There are few, if any, bicyclists who want to pedal along Sixth Street SE between the Southeast Freeway and Pennsylvania Avenue -- but there is a new and exclusive lane to accommodate them.

To the astonishment of motorists who use the previously two-lane-wide, one-way-north Sixth Street to reach Capitol Hill destinations, new stripes were painted on the road this week, creating one lane wide enough for automobiles and one narrow lane reserved for the rarely seen bikes.

Seward Cross, traffic engineering chief for the D.C. Transportation Department, said the new arrangement is an effort to eliminate a large number of sideswipe accidents on the narrow street, and was supported by the area's advisory neighborhood commissions.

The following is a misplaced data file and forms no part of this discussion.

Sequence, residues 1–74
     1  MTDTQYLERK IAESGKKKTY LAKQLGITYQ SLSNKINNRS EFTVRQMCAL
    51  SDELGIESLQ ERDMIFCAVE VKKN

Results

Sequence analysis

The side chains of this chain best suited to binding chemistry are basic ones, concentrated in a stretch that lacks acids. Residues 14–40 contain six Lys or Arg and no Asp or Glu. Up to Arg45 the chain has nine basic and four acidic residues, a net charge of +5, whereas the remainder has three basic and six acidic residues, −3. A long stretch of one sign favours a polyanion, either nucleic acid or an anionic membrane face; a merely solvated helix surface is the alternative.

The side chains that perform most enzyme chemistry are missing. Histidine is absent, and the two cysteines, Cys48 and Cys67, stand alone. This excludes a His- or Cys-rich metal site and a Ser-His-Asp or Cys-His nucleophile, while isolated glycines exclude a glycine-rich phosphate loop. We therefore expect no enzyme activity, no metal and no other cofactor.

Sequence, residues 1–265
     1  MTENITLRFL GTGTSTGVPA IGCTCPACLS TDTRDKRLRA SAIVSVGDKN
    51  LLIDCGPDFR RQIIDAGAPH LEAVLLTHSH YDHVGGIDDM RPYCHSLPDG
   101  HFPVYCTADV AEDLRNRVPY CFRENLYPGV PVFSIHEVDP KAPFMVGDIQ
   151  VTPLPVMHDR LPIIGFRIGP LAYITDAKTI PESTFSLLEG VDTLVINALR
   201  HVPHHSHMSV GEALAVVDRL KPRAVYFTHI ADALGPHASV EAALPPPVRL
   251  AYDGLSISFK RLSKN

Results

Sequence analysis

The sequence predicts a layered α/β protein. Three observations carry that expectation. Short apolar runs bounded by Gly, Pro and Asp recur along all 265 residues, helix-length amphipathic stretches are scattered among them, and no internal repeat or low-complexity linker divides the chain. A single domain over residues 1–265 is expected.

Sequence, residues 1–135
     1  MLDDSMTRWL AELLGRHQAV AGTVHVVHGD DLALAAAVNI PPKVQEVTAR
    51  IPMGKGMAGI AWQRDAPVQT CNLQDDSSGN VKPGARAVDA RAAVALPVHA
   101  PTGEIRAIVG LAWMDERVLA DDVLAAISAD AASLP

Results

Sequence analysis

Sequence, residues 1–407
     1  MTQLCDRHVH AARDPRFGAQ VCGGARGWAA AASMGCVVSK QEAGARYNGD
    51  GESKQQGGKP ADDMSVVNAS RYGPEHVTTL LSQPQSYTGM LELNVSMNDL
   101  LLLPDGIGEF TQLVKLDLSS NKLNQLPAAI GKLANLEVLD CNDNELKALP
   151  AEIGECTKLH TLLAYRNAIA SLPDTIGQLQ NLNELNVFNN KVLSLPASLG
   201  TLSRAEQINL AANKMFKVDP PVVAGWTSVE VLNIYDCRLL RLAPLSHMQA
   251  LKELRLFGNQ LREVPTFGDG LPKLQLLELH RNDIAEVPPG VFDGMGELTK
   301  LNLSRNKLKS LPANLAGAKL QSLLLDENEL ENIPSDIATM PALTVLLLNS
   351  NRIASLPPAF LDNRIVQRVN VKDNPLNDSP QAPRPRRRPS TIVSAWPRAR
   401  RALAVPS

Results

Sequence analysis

It was impossible to widen the street and impractical -- because parking for residents is scarce -- to eliminate parking on one side of the street, so the only practicable solution was to eliminate one lane of vehicular traffic, Cross said. A right-turn lane is provided at Pennsylvania Avenue.

Cross said the arrangement is the first of its kind in the city and is considered to be experimental, thus subject to revocation. He said an identical auto-and-bike arrangement may be imposed soon on Fourth Street, the southbound traffic artery parallel to Sixth Street.